*In addition to these part-time positions I also took on volunteer activities thanks to Workaway. I mentioned this in a previous post, but it is a platform that allows you to find volunteer experiences around the world. This is not only a great way to save money since accommodation is often free, but it is also a way to get to know places and cultures a little bit better.

"Wasn't it expensive to travel?"

In short, no. People think that traveling is too costly, so they just don't do it! But it really depends on what you're looking for, what you're willing to give up, and if you can figure out certain "hacks" along the way.

There are so many ways of saving money as you travel longterm, but my top tips are:

- Stay at hostels

- Cook for yourself

- Do volunteer experiences like Workaway

- Walk everywhere or as much as you can

- Take advantage of free things

- Only buy things you really need AKA not shot glasses or dream catchers or whatever

- Book your transportation and accommodation in advance

- Don't feel like you HAVE to do something every single day

"So you've hit the one-year mark of traveling. What have you learned?"

So much! But I think these are the main things:

- If you really want to do something, you can. Everything is about mindset!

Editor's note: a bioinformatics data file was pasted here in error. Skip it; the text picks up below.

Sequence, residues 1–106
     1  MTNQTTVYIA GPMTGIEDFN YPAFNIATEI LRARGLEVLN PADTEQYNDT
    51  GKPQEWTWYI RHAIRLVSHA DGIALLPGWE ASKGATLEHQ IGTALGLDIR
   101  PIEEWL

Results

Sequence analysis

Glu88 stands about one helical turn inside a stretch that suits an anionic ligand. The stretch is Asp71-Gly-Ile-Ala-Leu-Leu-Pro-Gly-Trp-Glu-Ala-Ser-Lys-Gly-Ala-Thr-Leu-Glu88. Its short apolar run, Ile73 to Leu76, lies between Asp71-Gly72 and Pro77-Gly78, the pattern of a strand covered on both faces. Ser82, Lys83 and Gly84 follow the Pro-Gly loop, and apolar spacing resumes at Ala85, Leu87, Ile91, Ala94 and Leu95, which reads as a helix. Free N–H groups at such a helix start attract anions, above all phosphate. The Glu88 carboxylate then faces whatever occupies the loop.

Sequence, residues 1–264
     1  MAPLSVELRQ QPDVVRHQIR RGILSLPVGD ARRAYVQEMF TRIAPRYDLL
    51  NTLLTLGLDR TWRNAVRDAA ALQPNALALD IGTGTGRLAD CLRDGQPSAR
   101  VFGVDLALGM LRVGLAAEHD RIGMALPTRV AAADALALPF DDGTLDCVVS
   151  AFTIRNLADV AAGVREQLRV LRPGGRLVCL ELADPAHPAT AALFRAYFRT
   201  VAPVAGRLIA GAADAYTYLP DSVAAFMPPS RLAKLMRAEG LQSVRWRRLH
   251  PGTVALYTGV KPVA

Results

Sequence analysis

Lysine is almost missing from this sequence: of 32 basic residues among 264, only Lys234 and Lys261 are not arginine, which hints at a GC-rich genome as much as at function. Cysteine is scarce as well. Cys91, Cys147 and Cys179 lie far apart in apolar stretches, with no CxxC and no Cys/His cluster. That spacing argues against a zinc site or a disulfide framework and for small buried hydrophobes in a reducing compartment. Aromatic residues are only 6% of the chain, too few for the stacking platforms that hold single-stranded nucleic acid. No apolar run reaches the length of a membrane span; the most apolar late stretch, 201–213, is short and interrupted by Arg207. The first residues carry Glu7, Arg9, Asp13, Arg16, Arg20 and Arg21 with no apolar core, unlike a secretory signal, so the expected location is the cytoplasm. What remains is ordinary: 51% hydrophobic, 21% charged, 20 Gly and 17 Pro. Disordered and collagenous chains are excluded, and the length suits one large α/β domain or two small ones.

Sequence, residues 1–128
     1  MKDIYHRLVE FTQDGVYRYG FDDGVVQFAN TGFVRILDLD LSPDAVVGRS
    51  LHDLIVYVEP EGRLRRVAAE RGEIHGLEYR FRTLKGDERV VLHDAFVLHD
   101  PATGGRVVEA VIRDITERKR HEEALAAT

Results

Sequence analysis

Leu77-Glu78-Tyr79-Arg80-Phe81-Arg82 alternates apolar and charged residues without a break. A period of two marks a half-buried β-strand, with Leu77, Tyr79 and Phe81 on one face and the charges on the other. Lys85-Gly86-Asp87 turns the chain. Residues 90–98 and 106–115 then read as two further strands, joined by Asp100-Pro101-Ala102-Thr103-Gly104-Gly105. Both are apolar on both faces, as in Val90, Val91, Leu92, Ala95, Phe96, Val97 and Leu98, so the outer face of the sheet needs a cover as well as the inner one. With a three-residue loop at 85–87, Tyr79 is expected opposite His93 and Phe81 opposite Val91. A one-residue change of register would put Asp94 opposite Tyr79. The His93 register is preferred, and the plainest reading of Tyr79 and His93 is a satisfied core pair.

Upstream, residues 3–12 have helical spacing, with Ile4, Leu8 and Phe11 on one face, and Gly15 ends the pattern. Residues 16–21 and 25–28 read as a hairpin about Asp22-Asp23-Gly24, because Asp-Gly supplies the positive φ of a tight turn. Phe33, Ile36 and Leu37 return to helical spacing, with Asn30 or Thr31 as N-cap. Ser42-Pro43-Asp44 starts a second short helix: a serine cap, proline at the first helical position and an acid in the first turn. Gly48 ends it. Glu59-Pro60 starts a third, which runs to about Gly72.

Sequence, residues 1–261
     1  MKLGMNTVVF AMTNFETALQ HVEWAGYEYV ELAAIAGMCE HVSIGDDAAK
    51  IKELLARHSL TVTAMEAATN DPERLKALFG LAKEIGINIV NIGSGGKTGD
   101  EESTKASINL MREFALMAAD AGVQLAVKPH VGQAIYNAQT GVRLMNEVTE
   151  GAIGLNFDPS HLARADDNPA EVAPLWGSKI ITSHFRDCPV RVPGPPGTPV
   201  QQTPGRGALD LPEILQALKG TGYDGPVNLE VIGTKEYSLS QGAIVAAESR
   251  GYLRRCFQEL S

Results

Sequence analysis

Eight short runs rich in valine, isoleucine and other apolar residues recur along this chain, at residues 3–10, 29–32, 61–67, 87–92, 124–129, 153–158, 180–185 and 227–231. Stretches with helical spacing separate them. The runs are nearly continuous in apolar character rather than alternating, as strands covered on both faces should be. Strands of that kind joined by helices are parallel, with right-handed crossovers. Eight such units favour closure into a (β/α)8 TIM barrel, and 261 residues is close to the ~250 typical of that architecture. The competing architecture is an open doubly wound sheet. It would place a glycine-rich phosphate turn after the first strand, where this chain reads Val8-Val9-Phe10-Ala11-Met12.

- You don't always need to know the answers to everything or have a plan. That's boring.

- You don't owe anyone an explanation for what you do.

- Your true friends will support you and not make fun of or doubt you.

- Speaking of friends, new ones are everywhere and from different countries, cultures, statuses, and belief systems. So, always stay open-hearted when it comes to meeting other humans.

- Kindness goes a long way.

- It's okay to ask for help and also be helpful.

- You never know what someone has endured in their lifetime, so try not to judge people if you don't actually know them. Everyone deserves a chance, and sometimes people have bad days.

- There's no point in worrying about stuff. Life happens no matter what you do, so live in The Now--not in yesterday or tomorrow.

- Just flow. This is something one of my good friends told me to do when I told her I was feeling anxious. Go with whatever comes at you and deal with stuff day by day -- that's all you can ever do.

- Practice gratitude daily and take nothing for granted. (If you're reading this, for example, you have access to the Internet and probably a phone or a computer and that's a lot more than most people.)

What are you doing now?

I just moved to Berlin, Germany! I'm so excited about it but I am still in the process of it all. I plan on making a "Moving Abroad" video series which will explain why I chose Berlin, what I'm planning on doing here and more. But that's for future posts...

Hope you enjoyed this post and that I was able to kind of sort of answer your questions. If you want a video version of these answers, I recorded them in an IGTV video which you can find HERE.

Thanks for following along, reading, watching, commenting, etc. Till next time!

xx - Steph